The annual Transition Year continental tour took place on 20-23 April. This year the venue was Flanders. A central theme of the trip was the poetry of the First World War. Pupils had prepared poems to recite at different locations on the tour. On the Friday, poems were read at the graves of poets Wilfred Owen and Isaac Rosenberg, both in France, as well as the Island of Ireland Peace Park in Messines. On the following morning, the pupils were joined by past pupils Bryan Rose (1956-1962) and Captain Timothy Kinsella (1982-1988), who both have expert knowledge of the Western Front. Poems were read at the graves of poets Francis Ledwidge and Hedd Wyn and at two locations around Zillebeke, including the location where the body of past pupil Robert Hayes is reported to have been buried.
In the afternoon, a group of nine pupils, along with Mr Aiken and Mr Whiteside and the two past pupils, were brought on a tour of cemeteries and memorials of the Ypres Salient by an expert local guide. Remembrance crosses were placed at the graves of past pupils, George Haire, Albert Le Bas, Ouseley Murphy, Ino Nuttall and Clement Turner. War poems by past pupils were read at the graves and at Tyne Cot, where past pupils Charles Marlow and John Stokes are named on the memorial wall. That evening the school, represented by pupils Richard Beattie and Malika Maniar, teacher Mr John Aiken and past pupil Captain Timothy Kinsella, laid a wreath as part of the daily Last Post ceremony at the Menin Gate in Ypres. There was a huge crowd, representing many countries, and this was the first time an official group from the school had honoured the memory of its past pupils at this major memorial of the First World War. We remembered past pupils Robert Hayes and Richard Jones, who are named on the Ypres Memorial.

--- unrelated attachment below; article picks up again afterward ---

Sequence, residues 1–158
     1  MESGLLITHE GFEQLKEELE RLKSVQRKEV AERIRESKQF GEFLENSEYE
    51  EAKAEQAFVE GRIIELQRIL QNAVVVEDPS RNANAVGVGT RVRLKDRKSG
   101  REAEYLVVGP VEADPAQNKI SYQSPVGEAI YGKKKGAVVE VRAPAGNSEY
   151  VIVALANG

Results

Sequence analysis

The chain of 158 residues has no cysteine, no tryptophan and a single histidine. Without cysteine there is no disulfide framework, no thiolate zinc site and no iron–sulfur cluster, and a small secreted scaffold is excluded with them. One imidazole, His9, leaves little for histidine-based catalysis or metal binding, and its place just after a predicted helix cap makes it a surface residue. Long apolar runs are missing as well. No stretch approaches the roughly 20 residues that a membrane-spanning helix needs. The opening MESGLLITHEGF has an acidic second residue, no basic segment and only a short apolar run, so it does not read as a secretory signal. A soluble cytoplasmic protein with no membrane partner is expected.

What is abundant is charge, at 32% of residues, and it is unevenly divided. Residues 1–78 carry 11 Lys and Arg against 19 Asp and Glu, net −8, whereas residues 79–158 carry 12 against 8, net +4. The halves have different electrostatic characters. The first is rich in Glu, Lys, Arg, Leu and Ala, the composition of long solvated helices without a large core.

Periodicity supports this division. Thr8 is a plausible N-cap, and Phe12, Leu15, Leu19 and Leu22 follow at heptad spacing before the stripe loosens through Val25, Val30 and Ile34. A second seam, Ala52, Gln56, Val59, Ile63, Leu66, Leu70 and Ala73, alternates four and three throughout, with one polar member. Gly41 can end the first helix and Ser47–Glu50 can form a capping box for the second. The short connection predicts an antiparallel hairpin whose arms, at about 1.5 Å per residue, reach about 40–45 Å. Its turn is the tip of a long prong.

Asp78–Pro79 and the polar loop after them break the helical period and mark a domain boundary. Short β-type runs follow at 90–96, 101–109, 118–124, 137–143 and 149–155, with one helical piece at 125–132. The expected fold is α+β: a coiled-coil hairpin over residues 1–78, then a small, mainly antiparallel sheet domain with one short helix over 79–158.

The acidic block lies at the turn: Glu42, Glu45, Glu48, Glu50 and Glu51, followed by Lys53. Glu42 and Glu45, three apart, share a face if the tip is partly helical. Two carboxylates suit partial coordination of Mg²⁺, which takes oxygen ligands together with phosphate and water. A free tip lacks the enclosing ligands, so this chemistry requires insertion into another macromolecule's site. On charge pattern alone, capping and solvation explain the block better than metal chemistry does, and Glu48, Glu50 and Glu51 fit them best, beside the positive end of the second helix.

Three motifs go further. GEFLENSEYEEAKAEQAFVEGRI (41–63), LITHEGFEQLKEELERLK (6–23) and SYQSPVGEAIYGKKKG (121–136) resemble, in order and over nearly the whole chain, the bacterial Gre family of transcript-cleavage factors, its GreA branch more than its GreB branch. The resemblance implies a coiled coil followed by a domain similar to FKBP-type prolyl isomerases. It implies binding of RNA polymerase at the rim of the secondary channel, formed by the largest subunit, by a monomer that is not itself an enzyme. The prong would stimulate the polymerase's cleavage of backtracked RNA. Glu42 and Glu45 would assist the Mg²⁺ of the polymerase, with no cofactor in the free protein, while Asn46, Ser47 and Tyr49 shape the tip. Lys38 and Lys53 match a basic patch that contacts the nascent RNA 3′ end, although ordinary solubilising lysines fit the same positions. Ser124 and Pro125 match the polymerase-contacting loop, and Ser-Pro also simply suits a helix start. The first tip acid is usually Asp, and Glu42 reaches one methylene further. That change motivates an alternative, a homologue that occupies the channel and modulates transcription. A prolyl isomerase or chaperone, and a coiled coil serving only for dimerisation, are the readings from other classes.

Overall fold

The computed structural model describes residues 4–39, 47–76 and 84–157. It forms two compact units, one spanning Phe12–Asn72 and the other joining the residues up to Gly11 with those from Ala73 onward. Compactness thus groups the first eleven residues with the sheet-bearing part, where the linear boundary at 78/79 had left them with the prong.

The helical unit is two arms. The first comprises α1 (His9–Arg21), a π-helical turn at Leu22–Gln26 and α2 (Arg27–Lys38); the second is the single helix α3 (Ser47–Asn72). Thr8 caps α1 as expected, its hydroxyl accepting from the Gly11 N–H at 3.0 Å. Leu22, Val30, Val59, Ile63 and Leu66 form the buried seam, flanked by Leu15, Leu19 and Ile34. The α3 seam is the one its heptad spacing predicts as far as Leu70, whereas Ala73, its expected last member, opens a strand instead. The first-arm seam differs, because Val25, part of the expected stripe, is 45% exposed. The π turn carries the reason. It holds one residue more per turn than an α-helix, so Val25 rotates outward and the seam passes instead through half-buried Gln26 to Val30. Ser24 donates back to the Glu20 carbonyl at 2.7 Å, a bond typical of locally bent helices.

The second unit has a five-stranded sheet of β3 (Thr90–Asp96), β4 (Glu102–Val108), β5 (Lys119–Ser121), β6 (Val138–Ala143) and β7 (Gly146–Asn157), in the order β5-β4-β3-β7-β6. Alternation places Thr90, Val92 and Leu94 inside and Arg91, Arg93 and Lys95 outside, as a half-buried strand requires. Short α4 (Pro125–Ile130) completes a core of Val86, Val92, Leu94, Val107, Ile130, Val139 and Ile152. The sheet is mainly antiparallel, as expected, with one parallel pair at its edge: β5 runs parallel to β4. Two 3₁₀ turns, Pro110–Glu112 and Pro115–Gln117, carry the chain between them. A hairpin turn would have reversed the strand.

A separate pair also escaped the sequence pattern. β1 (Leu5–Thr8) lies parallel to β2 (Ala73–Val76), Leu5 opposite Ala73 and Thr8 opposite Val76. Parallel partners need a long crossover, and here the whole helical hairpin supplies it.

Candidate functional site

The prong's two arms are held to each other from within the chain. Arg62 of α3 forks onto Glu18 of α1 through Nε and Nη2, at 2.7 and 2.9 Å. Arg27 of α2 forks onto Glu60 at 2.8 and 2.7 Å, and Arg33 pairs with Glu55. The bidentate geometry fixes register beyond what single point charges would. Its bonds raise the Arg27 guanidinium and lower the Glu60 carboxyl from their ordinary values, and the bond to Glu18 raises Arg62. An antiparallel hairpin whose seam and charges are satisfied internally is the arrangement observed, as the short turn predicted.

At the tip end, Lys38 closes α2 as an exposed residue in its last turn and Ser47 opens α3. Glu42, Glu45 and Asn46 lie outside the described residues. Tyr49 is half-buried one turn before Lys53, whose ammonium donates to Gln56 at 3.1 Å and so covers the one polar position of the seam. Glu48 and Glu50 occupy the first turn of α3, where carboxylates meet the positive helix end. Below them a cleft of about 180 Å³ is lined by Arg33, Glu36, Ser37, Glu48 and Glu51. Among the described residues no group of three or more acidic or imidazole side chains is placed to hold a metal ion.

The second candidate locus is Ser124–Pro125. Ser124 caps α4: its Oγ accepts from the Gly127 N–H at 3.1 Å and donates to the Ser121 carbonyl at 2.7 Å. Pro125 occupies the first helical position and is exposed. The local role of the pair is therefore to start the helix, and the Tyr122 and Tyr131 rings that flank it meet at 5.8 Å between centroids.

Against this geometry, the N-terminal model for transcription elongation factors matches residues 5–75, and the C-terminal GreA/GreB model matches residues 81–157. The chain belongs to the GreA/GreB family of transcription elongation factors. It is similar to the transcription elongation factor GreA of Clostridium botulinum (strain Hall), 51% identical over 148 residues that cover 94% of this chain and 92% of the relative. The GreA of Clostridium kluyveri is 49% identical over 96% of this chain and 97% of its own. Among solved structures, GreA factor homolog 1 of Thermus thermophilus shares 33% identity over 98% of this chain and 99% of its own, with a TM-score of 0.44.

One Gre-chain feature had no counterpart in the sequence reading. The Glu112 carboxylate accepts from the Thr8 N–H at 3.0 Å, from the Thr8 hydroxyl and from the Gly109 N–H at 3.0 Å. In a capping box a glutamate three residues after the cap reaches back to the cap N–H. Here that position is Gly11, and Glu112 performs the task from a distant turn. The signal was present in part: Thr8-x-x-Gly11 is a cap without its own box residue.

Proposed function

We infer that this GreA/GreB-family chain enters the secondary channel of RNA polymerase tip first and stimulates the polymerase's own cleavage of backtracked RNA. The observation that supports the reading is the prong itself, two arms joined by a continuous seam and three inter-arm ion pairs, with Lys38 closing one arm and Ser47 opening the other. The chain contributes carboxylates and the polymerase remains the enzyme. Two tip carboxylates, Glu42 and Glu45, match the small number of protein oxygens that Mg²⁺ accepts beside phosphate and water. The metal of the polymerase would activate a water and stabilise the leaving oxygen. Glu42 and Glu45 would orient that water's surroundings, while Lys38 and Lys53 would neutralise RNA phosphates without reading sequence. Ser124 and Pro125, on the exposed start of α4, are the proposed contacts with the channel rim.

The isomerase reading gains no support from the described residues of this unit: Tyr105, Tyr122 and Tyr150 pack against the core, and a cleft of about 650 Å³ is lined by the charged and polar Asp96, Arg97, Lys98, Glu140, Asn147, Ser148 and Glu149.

On the Sunday, Mr Rose and Mr Whiteside visited the grave of past pupil George Montgomery at the woodland Toronto Avenue Cemetery, which features on the cover of the school’s commemorative booklet, In Proud Memory (available from the school for €10). Like many young men who died in the First World War, there are no immediate family members who remember George. His school family, though, will continue to remember him and the others who are named on the war memorials in chapel.